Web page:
The SNP, as the third largest party in the UK Parliament, does well out of Short Money. Based on the number of MPs it has, the party receives close to £1.2 million, which goes in the main on employing some 25 staff.

As with other parties, the party can distribute the pot of cash as it likes, as long as it can show the money has been spent on carrying out parliamentary business (and not, for instance, campaigning). To that end, the party must provide the Clerk of the House of Commons with an auditor’s certificate confirming this. This, in turn, can only be supplied once the auditor has been through the books.

There are three things to remember about Short Money. First, it is public money. Second, parties are fiercely protective of it and don’t like it being called into question, as it has been in the past. Third, the Commons authorities can make HMRC look like the cuddliest, sleepiest pussycats when it comes to accounting for every last pound and penny.

It should be a straightforward enough business; these are not vast sums overall. But as with other matters the SNP now finds itself in a mess of its own making. With its auditors quitting the party last year, and the chances of hiring another firm now looking slim to non-existent, there is every chance the SNP will not be able to file its accounts by the deadline. No auditor’s certificate means no more money.

READ MORE: SNP's former treasurer says he did not know about motorhome

That is bad news for the image of the party. But it is worse for the staff who rely on this money to pay the bills. This is about more than figures on a balance sheet, important as they are. This is about real individuals who could be out of a job very soon. Their only hope at this point is that the party leadership can throw itself on the mercy of the Commons authorities and secure an extension to the deadline.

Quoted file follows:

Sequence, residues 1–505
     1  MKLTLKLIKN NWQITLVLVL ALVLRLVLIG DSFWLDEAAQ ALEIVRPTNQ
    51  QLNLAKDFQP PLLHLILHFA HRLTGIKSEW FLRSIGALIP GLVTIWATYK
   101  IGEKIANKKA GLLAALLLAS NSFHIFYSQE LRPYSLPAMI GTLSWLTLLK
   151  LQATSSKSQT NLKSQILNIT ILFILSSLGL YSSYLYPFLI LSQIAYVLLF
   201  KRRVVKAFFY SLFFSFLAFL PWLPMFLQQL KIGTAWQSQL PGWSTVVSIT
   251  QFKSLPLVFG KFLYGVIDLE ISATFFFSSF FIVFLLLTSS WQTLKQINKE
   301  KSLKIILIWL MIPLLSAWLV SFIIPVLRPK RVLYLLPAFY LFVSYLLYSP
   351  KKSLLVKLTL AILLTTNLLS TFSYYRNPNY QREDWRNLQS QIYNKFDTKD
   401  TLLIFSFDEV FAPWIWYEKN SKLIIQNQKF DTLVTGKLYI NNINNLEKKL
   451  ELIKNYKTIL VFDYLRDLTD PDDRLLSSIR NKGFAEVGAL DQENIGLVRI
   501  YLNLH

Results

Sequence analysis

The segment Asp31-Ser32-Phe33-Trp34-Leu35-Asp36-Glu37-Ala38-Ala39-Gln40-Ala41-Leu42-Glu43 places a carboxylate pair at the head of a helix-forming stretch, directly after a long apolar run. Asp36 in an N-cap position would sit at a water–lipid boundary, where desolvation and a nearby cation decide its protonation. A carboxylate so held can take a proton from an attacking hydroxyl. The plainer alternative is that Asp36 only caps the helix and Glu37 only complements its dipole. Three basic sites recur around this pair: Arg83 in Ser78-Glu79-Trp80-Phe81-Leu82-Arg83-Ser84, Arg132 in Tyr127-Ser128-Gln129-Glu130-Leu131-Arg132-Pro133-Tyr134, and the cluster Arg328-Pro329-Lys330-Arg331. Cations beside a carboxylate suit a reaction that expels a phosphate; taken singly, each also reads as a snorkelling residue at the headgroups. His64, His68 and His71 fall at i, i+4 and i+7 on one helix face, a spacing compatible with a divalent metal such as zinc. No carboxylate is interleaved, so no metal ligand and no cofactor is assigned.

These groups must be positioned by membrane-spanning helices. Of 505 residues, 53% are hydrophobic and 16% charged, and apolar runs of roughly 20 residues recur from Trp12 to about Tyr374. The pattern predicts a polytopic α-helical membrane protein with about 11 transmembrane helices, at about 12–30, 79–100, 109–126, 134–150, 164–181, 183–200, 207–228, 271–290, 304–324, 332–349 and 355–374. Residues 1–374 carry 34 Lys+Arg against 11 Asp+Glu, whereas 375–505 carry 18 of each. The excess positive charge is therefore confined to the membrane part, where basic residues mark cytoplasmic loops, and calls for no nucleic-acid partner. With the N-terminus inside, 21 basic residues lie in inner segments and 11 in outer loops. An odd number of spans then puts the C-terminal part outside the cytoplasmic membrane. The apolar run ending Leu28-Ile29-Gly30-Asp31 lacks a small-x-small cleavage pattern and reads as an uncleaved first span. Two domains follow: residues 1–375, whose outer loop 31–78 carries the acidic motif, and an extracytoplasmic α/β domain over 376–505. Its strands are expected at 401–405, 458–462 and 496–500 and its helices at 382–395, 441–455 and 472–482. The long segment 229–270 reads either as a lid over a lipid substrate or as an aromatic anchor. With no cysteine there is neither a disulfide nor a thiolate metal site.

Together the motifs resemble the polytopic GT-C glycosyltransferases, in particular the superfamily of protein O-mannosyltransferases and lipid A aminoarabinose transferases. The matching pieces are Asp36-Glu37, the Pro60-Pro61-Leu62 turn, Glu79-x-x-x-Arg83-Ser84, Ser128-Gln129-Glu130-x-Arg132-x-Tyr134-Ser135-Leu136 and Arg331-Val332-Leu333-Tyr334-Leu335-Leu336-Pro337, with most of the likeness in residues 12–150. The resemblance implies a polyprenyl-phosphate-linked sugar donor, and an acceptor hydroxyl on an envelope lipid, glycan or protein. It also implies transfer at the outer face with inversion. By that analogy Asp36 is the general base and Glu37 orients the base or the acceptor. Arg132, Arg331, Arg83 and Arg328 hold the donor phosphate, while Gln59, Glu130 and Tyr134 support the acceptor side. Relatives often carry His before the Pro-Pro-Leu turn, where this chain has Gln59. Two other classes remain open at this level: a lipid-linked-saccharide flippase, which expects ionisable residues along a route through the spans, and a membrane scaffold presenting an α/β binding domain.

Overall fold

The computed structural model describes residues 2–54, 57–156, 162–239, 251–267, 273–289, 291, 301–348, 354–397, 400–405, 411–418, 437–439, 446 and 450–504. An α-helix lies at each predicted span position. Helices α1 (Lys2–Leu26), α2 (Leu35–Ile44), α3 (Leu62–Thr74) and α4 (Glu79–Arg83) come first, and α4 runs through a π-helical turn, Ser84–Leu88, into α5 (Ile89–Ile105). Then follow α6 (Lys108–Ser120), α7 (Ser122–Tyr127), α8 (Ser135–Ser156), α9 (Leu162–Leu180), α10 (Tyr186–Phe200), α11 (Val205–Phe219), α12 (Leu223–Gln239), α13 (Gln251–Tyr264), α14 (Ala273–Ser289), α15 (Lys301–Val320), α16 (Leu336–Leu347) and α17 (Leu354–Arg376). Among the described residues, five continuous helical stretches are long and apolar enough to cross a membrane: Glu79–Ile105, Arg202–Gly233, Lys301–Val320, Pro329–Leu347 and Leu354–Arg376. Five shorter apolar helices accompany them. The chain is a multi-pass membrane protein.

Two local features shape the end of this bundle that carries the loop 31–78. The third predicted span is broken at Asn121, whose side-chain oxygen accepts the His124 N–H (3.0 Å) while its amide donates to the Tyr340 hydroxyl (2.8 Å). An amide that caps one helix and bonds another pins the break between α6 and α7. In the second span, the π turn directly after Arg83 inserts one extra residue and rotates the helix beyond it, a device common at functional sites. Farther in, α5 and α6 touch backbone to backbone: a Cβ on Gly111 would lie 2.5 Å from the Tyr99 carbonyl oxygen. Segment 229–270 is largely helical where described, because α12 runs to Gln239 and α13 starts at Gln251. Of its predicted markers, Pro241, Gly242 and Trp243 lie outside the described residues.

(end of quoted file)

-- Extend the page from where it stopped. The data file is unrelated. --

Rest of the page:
How has the party managed to get itself into another not-so-fine mess? Good luck making any sense out of the war of words between the SNP’s current leader at Westminster, Stephen Flynn, and the previous holder of the role, Ian Blackford, as to who knew what about the lack of an auditor and when.

Mr Blackford says all “relevant information” was handed over to the new leader last December. Mr Flynn says he only found out in February.

Any way you look at it, this is a party so dysfunctional its leading members cannot speak to each other face-to-face about the most basic matters. As a result, the task required has not been done and obvious, harmful consequences will follow.

For Westminster read Scotland? That is the fear. Stuck as we are in this whirlwind of claim and counterclaim, of so many questions but no answers, we can only guess what this rolling chaos has cost, and will continue to cost, Scotland. Slowly but surely the bills are falling due.